Gaming History 101

Know Your Roots

Now I Love Emulation and Here’s Why

with 3 comments

emulation

In the past I have had quite strong opinions about emulation, going so far as to say I prefer not to use it.  My basis was clear in the article, but to sum up I don’t like the screen tearing and framerate issues that often happen with emulation, I hate not using a console’s native controller and the potential of input lag, and of course my ongoing aggression toward piracy.  Since I boldly declared my stance almost four years ago (yep, we celebrate our fourth anniversary in October), a lot has changed.  First of all, many of our readers and listeners have brought to my attention circumstances involving distribution, bootleg, and socioeconomic factors that force them into utilizing emulation, which as a middle class American I don’t have much experience with.  In addition, rarity has become a big reason why I see the value in emulation (or flash carts/burned discs on original hardware, which is the same thing to me).  I don’t think that people who want to experience Snatcher, Panzer Dragoon SagaMichigan: Report from Hell, and so many others should pay a random dude hundreds of dollars that the publishers and developers will never see for this “privilege.”  Those transactions are for the collector, who wants the tangible item, but for the player I think access should be made available and if the business of games does not support this then skating the line of the law is a personal decision each player can make.  Also my experience on Twitch lately has been hilarious because I tend to play on actual hardware and I appear to be one of the few, so my choice to avoid emulation is more of an old man theory than a crusade against piracy and authenticity.

Behold "Frankenconsole"

Behold “Frankenconsole”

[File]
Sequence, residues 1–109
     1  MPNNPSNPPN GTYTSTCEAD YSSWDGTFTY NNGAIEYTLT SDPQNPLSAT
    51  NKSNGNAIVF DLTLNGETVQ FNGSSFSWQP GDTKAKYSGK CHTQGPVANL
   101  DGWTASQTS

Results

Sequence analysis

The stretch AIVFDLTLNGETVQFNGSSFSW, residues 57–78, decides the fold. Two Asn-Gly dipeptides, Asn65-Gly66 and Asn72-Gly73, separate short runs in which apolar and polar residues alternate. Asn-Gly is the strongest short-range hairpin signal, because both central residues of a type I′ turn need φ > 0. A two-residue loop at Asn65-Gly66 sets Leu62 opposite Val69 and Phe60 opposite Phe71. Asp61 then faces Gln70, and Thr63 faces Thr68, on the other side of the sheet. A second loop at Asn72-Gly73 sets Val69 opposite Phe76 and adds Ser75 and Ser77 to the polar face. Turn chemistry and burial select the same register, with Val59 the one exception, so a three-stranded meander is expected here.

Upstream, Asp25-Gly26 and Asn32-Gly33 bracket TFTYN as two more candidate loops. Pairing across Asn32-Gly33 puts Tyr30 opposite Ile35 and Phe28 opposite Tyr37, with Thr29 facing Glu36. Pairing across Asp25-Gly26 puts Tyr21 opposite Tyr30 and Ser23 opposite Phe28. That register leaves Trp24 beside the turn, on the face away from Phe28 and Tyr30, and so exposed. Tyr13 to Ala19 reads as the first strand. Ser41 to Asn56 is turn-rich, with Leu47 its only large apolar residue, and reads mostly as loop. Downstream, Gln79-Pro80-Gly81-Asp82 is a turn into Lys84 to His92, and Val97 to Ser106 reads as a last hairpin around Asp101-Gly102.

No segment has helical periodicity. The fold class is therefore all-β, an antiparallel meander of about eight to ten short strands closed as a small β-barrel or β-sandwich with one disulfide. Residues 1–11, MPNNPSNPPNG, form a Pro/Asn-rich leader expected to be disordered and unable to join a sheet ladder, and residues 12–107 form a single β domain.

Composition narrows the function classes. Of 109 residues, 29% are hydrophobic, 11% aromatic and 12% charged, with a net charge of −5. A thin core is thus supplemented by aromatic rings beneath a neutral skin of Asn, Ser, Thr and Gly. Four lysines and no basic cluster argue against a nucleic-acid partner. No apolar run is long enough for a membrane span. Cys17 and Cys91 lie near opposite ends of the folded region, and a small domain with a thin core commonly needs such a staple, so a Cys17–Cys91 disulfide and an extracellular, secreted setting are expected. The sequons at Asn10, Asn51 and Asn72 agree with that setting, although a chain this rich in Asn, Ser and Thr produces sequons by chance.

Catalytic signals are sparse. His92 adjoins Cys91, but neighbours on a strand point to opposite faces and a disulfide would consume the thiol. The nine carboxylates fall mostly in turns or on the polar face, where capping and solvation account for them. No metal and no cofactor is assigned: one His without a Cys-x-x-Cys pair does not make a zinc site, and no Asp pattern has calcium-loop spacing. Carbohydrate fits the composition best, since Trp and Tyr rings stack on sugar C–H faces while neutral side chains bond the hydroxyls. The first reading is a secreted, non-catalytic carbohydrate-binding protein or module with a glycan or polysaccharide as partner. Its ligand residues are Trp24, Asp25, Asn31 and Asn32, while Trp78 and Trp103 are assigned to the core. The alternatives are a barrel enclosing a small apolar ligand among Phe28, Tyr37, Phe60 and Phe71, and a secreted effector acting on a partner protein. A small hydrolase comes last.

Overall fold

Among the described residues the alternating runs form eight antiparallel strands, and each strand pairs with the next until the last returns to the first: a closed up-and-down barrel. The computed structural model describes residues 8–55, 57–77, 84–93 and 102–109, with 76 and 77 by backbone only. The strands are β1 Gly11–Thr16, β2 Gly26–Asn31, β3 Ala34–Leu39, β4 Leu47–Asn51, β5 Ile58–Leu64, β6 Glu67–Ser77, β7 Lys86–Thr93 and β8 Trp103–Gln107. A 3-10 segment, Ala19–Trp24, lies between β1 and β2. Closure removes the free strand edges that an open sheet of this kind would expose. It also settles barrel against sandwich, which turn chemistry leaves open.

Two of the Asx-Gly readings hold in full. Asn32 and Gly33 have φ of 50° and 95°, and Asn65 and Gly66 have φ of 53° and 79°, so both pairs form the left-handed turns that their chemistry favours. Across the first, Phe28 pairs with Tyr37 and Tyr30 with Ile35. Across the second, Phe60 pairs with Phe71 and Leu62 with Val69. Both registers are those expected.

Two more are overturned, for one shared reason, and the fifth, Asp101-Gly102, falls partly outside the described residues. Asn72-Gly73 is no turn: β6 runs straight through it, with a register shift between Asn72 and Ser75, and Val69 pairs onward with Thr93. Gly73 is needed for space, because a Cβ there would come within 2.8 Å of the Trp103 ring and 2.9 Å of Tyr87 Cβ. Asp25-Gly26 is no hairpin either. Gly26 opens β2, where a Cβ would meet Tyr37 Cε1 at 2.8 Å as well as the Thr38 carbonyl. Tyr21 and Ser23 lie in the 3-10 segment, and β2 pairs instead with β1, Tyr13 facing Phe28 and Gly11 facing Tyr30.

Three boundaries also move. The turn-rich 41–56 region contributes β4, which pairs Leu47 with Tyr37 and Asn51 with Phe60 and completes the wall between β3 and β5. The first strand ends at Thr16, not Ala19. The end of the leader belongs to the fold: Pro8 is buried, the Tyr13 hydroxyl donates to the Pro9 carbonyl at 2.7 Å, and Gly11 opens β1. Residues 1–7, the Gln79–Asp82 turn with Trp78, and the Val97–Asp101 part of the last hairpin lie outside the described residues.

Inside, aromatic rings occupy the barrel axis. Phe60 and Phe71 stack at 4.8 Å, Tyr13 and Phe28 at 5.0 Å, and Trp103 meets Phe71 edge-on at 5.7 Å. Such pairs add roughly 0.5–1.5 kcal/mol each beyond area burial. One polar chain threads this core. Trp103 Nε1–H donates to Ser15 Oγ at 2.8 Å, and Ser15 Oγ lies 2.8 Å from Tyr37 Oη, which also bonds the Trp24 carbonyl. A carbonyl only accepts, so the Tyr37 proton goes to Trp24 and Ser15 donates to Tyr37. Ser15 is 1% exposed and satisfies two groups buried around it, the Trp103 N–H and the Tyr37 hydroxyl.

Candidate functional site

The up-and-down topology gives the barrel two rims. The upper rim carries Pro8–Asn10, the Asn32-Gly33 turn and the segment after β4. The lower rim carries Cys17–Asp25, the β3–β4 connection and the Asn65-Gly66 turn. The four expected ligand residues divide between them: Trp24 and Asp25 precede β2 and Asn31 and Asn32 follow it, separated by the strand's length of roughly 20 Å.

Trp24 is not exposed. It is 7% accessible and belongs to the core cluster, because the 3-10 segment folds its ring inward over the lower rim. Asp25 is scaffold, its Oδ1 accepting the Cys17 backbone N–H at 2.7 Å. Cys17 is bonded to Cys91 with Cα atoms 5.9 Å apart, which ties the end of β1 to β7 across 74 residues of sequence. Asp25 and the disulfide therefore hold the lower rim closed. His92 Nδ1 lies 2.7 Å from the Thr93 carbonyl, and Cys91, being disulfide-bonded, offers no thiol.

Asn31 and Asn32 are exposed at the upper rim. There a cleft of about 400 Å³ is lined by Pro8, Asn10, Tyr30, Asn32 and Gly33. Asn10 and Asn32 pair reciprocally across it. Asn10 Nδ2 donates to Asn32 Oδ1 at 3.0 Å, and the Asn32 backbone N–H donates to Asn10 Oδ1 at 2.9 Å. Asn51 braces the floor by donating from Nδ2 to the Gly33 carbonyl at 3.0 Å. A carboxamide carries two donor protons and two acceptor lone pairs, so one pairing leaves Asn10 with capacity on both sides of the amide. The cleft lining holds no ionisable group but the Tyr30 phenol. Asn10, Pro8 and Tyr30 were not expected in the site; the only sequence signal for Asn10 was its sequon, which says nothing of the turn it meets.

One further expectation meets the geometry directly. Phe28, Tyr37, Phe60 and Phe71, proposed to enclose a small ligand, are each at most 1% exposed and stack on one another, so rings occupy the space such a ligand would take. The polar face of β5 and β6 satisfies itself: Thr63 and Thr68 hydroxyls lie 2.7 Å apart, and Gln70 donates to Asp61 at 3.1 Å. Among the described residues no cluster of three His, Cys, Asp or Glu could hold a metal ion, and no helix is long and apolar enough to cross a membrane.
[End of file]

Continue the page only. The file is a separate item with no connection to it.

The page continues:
The biggest reason I have changed my stance is a much wider phenomenon that has emerged: streaming and gameplay videos.  These have taken off like wildfire and I have seen the views and read the comments from people who appreciate being able to watch a playthrough of a game that’s either hard to find, hard to play, or something they would just prefer to watch than play.  Cynics may look at our YouTube page’s views and scoff, saying you can’t build a business on it, which is fine by me because I prefer to be a resource for a captivated few at no cost.  The trouble is the HDTV problem, which is aside from the depth of the linked article, it basically means that consoles that look great on standard definition CRT televisions (of which I have two) look terrible on HDTVs.  I avoided this issue by avoiding playing consoles on HDTVs, but it was the way my videos looked on YouTube and Twitch that convinced me I needed to take it a step further.  Looking at my capture of SNES game Super Star Wars proves that in standard def the game can look incredibly blurry online but compare it to my video of Super Empire Strikes Back, which was on the same console just passed through an upscaler we see a much better and more crisp image.  I use a basic upscaler that in truth has a ton of lag, but none of that matters because I split the video signal via an amplifier and basically play the game on the TV independent of the delayed stream I send to the capture box and then I adjust for lag by recording the voiceover separate – this makes for a much longer process to create a video but I love the outcome.  Since I didn’t buy an expensive upscaler that works with all consoles my problem comes with consoles that only do basic video out, most notably my Sega Frankenconsole (Genesis/CD/32X),  3DO, Turbografx-16 CD (you get composite out when you add the CD portion), and my NES.  In order to get good upscaled signals I would need RGB cords, mods, and even more expensive ways to show them on either a CRT or HDTV, so aside from NES/Genesis/Turbografx-16 without CD that have extensive libraries on the Wii Virtual Console, my best answer is to either capture these blurry videos or get the upscaled sharp pixels in 720p that I love via emulation.  In an emulator, almost none of this is a problem.  The game upscales for me, it’s presented in gorgeous resolutions of my choice (up to even 1080p), many record your footage so I can interact with an audience on Twitch and then have a usable video of just the game for my ChronCD project, and of course the emulation seems near perfect these days with many of the sound glitches and vsync issues eliminated.  I don’t even have to deal with piracy in many cases because I can simply do a direct rip of the proper game in my collection and it plays perfectly in the emulator.  This is an ideal circumstance for modern gaming to me, because it’s just too damn expensive to set all this up via hardware.